Lebanon Town Hall – Open Monday, Thursday and Friday from 8:00 to 4:00, Tuesday 8:00 to 6:00, closed Wednesday. Town records including land and vital records are on file at the Town Clerk’s office
First Congregational Church
The First Congregational Church of Lebanon was organized in 1700 and built its first meetinghouse in 1706. This building was used for town meetings as well as religious services. In 1732, the meetinghouse was replaced because the original building was too small. A brick meetinghouse, designed by artist John Trumbull, was constructed 1804-1809. (Trumbull, the son of Governor Jonathan Trumbull and brother of Jonathan Trumbull Jr. grew up in Lebanon, served in the American Revolution, and became famous as the “patriot artist” of Revolutionary War scenes.) During the 19th century, the brick meeting house was up-dated several times. In 1938, hurricane winds sent the steeple toppling into the church nave, ruining the interior. Although work was interrupted by World War II, the church was fully restored by 1954.
Governor Jonathan Trumbull House
Merchant, Joseph Trumbull, built this house between 1735 and 1740. In 1755, on his father’s death, Jonathan Trumbull moved his family into the house, which he enlarged to suit his needs. Jonathan Trumbull carried on extensive inter-colonial and overseas trade and was politically active as a member of the General Assembly. In 1769, he was elected governor of the colony of Connecticut. A staunch opponent of British taxation, Trumbull became the only colonial governor to support the independence movement and to continue serving throughout the War for Independence. His house is now designated a National Historic Landmark as the birthplace of his son, John Trumbull, America’s patriot artist. Today it is a museum owned by the Connecticut Daughters of the American Revolution.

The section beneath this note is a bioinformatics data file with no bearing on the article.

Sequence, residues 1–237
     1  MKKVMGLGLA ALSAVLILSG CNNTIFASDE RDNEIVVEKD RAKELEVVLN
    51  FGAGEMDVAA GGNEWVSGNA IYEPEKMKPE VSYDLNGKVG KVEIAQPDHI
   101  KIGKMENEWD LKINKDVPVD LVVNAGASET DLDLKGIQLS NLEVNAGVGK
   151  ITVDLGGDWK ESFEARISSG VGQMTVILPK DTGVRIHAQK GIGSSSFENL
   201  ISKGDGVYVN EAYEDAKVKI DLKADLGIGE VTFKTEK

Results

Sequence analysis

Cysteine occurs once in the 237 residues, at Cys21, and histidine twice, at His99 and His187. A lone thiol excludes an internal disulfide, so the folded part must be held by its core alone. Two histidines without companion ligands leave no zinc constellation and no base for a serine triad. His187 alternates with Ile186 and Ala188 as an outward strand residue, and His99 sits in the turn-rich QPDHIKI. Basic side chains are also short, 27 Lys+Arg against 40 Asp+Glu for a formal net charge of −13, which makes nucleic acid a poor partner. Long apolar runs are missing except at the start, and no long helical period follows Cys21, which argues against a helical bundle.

The Wadsworth Stable is located on the Governor Trumbull House grounds. The stable was originally situated on the Jeremiah Wadsworth estate in Hartford. Wadsworth, a close friend of the Trumbulls, served as commissary general of the Continental Army and later as chief agent supplying the French troops. He also hosted the first meeting between Governor Trumbull, General Washington and the French commander, the Comte de Rochambeau. The original stable on the Wadsworth property was razed in 1801 as a fire-break and a new stable in the Palladian style of architecture erected in its place. This building was moved to Lebanon in 1954 because it was threatened with demolition.
After the beginning of hostilities between the American colonies and Britain in 1775, Governor Trumbull converted his former store into his War Office. Here he met with the Council of Safety, which was empowered to manage all of the State’s affairs related to the war effort. Although the Council often met in Hartford or elsewhere, more than 500 of its 1,000 meetings took place in this building. Many important national leaders, including General George Washington, General Henry Knox, the French commander General Rochambeau, and the Marquis de Lafayette passed through its door. The War Office is now a museum owned by the Connecticut Society of the Sons of the American Revolution.